Today I started pulling the sweet potato vines – the earliest ones have leaves that are turning yellow, and the nights are getting cooler, which means it’s time. We probably should have started digging them a couple of weeks ago, working from the earliest vines and moving toward the newer vines, which have taken over the rows on either side, but other things took priority. The end of the season is nigh, however, and the time has come.
The thing about sweet potatoes is that they can be invasive, for lack of a better word. As you pull the vines from the frames themselves, you’ll find the tips of potatoes where they’ve started to heave themselves out of the soil.
This is, incidentally, how to determine where to start digging for the sweet potato bonanza: the potatoes will create mounds in the soil as they grow and displace the dirt. They’ll grow elsewhere too, of course, but the mounds are like the ancient Indian burial grounds that people build houses over: you know there’s something there, only in this case, it’s much more benevolent and will not suck your entire neighborhood into the netherworld a la Poltergeist.
Because the vines have run rampant – why not, since we really had nothing else in that area? – when the vines crawled out of the rows in which the slips had been planted, snaking into the walkways and then into the rows on either side, a slow but steady takeover, they rooted down into the walkways as well as the rows. Leave them there, and they produce tubers in the walkways just as well as they do in the rows, as sweet potatoes don’t seem to care all that much about where they grow. As I pulled vines, the lumps in the walkways revealed themselves to be potatoes, grown right through the mulch and the plastic barrier. Some of them came up with the tugs on the vines.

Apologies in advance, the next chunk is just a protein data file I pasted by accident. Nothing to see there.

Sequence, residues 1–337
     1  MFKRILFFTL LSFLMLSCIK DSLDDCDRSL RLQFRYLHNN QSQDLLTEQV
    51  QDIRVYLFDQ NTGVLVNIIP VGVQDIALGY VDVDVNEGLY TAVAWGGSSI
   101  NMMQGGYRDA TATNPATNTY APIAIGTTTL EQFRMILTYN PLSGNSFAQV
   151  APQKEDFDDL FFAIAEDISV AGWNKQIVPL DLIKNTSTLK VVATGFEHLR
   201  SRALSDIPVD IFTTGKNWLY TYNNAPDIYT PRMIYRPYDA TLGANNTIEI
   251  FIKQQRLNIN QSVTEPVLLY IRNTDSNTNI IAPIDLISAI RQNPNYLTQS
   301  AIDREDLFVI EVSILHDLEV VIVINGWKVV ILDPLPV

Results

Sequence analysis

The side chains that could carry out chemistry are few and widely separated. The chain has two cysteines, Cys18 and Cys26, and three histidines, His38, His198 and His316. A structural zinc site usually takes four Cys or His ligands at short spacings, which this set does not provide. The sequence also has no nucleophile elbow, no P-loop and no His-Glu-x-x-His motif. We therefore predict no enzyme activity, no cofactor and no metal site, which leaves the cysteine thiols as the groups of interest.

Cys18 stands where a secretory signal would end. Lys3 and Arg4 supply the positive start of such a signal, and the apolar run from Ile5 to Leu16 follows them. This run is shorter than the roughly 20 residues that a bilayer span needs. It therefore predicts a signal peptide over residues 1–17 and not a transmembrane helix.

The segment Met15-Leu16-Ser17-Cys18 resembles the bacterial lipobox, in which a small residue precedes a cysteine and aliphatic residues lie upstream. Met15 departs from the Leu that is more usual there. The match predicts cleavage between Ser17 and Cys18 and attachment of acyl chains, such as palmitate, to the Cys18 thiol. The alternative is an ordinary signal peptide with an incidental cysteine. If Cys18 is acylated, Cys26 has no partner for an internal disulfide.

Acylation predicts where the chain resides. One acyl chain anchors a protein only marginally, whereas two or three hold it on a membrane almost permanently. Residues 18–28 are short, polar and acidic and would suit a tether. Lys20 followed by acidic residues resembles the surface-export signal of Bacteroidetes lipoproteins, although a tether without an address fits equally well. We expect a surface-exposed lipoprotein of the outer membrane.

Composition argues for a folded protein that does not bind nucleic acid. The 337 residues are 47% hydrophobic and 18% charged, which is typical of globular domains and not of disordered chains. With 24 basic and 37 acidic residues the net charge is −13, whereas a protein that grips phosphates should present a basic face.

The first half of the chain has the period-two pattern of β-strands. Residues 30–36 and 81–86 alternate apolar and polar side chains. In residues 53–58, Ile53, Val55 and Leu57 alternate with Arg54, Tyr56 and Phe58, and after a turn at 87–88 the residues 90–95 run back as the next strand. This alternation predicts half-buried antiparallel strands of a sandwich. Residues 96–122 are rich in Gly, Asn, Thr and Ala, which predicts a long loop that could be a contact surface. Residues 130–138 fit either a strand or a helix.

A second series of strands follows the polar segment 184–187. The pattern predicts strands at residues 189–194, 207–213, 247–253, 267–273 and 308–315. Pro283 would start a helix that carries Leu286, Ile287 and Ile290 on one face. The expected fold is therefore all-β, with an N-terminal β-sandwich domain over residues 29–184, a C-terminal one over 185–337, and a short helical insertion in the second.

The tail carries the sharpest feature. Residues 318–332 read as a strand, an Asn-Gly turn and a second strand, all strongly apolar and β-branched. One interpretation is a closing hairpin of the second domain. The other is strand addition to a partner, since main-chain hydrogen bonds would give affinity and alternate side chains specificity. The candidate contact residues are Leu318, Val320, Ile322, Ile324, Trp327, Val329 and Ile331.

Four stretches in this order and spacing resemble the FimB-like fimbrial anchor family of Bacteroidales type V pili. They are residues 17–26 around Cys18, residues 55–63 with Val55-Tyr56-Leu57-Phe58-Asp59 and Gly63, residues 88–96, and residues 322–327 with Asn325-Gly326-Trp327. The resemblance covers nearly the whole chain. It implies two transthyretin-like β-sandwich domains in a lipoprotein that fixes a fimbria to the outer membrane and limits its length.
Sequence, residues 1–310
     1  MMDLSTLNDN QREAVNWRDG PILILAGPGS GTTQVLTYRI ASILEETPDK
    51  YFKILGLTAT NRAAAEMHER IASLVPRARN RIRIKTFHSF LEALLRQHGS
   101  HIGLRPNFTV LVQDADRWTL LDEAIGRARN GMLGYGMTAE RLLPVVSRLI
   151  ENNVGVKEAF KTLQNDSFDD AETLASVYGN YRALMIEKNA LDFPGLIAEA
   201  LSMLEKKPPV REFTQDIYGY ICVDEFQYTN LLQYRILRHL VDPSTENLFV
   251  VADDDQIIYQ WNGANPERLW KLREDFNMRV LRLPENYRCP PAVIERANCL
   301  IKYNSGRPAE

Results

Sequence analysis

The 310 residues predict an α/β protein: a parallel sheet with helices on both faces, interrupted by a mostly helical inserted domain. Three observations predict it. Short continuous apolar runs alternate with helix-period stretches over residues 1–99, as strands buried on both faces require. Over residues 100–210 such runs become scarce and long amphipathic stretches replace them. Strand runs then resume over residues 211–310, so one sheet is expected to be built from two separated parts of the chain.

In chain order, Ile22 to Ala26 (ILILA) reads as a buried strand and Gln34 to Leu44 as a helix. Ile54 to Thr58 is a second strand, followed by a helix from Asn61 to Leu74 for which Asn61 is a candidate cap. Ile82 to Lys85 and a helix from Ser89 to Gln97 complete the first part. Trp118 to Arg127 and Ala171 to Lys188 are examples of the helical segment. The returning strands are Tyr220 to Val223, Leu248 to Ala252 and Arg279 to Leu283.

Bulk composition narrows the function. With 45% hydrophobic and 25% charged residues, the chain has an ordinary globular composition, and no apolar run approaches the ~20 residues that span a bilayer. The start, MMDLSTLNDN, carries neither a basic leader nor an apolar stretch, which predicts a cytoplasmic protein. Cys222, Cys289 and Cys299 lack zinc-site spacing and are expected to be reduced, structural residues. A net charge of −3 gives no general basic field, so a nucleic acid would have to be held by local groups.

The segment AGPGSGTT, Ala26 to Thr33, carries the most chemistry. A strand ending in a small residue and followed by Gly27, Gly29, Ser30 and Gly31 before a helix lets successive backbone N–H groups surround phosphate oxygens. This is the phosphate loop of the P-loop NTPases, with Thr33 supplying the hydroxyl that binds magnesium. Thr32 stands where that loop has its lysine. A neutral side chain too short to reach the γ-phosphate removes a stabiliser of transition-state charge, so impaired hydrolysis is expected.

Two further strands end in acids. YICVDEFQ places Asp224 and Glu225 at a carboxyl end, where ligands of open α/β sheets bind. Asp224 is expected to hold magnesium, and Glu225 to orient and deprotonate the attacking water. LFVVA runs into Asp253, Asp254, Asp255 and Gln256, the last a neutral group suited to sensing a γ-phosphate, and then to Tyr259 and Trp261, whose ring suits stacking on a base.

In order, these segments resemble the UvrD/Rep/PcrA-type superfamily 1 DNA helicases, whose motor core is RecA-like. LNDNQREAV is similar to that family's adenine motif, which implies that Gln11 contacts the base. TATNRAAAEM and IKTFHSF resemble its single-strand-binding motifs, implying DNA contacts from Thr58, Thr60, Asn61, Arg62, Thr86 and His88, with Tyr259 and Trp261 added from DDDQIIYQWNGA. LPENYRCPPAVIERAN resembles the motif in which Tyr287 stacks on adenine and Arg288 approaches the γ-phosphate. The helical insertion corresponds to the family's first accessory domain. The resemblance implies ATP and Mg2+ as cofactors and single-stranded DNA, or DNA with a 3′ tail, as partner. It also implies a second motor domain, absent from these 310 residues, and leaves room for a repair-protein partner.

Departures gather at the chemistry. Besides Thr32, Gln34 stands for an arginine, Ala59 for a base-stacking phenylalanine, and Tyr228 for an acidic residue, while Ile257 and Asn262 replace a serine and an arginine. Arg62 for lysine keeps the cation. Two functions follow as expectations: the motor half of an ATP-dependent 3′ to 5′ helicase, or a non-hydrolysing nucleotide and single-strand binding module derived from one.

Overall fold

Some had to be cut out from the plastic barrier, as they’d grown too fat after the neck of the potato to come out easily.
Still others wound up growing sideways under the plastic, requiring a complete excavation.
Keep in mind, this is just the beginning of the preliminary vine pull, and all of these potatoes were pulled from the walkway only, not the frames. In fact, these all came from the walkway two rows over from where the sweet potatoes were originally planted. Before it started raining, I’d pulled a pile of vines and came away from about 10 pounds of potatoes that were useless – they’d heaved out of the walkway and were scalded by the sun, rained on then dried, or eaten into by critters – and sixteen pounds of usable potatoes just from one area of one part of one walkway.
This is going to be a banner year for the sweet potato haul, and that’s saying something as they’ve always done well here, even in poorer soil than this.